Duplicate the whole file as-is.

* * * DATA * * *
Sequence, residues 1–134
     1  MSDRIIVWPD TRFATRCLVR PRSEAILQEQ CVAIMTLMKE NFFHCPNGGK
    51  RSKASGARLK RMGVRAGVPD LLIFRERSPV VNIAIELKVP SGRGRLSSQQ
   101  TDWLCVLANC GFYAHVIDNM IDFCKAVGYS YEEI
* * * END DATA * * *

Sequence, residues 1–134
     1  MSDRIIVWPD TRFATRCLVR PRSEAILQEQ CVAIMTLMKE NFFHCPNGGK
    51  RSKASGARLK RMGVRAGVPD LLIFRERSPV VNIAIELKVP SGRGRLSSQQ
   101  TDWLCVLANC GFYAHVIDNM IDFCKAVGYS YEEI